Concept

Esquire

Summary
Esquire (ɪˈskwaɪə, ˈɛskwaɪər; abbreviated Esq.) is usually a courtesy title. In the United Kingdom, esquire historically was a title of respect accorded to men of higher social rank, particularly members of the landed gentry above the rank of gentleman and below the rank of knight. Some sources cite that the title was bestowed on "candidates for knighthood in England," and even used with respect to other dignitaries, such as justices of the peace, sheriffs, and sergeants. According to research by a New York City Bar Association committee, in the United States, esquire over time came to refer "commonly and exclusively" to lawyers, but how that happened is unclear. The only certainty, the committee stated, is that "based on common usage it is fair to state that if the title appears after a person's name, that person may be presumed to be a lawyer". The 1826 edition of William Blackstone's Commentaries on the Laws of England reiterated that "the title should be limited to those only wh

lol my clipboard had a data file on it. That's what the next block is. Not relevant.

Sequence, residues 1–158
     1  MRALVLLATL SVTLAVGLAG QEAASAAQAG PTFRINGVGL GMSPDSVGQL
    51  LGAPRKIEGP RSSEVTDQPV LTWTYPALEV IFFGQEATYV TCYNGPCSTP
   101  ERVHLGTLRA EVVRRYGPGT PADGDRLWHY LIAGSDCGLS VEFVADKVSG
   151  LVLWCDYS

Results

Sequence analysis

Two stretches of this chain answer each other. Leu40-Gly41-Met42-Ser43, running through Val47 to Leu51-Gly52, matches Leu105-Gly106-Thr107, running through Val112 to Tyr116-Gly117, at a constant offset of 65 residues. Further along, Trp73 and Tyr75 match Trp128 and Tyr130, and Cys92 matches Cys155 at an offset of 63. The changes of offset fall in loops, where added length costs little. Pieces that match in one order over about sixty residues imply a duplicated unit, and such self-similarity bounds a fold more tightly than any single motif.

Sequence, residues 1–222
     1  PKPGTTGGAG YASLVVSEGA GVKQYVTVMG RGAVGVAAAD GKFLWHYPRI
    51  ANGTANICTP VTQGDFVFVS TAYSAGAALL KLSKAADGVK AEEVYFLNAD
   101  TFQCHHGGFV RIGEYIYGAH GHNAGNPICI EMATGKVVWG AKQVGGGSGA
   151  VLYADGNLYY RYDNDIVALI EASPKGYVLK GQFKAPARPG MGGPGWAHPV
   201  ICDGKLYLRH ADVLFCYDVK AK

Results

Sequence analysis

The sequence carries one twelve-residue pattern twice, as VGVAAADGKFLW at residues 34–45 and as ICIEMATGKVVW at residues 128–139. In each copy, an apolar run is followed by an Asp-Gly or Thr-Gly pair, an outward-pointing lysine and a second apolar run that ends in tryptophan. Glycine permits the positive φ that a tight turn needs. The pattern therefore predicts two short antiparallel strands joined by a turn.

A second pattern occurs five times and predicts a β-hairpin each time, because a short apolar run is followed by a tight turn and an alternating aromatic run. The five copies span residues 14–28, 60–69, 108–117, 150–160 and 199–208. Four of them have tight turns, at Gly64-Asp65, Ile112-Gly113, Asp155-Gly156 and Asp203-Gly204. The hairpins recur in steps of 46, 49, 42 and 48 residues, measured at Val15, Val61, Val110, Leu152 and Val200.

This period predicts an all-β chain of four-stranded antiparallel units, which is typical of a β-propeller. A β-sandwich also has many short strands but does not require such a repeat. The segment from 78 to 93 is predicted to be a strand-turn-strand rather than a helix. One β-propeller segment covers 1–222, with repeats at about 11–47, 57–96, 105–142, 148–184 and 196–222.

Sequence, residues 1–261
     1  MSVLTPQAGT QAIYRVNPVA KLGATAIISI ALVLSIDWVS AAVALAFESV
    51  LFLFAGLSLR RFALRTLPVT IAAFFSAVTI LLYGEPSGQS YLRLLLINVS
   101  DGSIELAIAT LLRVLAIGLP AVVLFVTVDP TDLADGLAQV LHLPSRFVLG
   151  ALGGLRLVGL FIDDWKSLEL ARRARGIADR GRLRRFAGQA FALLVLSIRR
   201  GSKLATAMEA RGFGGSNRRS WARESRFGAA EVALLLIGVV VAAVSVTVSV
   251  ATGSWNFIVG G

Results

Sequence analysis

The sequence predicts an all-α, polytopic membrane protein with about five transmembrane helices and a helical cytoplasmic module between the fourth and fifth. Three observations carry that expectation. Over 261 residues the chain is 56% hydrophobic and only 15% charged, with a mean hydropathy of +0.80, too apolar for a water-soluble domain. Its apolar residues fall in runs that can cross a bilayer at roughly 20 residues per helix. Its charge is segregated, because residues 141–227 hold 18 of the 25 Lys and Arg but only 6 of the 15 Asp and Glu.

About this result
This page is automatically generated and may contain information that is not correct, complete, up-to-date, or relevant to your search query. The same applies to every other page on this website. Please make sure to verify the information with EPFL's official sources.
Related publications

Loading

Related people

Loading

Related units

Loading

Related concepts

Loading

Related courses

Loading

Related lectures

Loading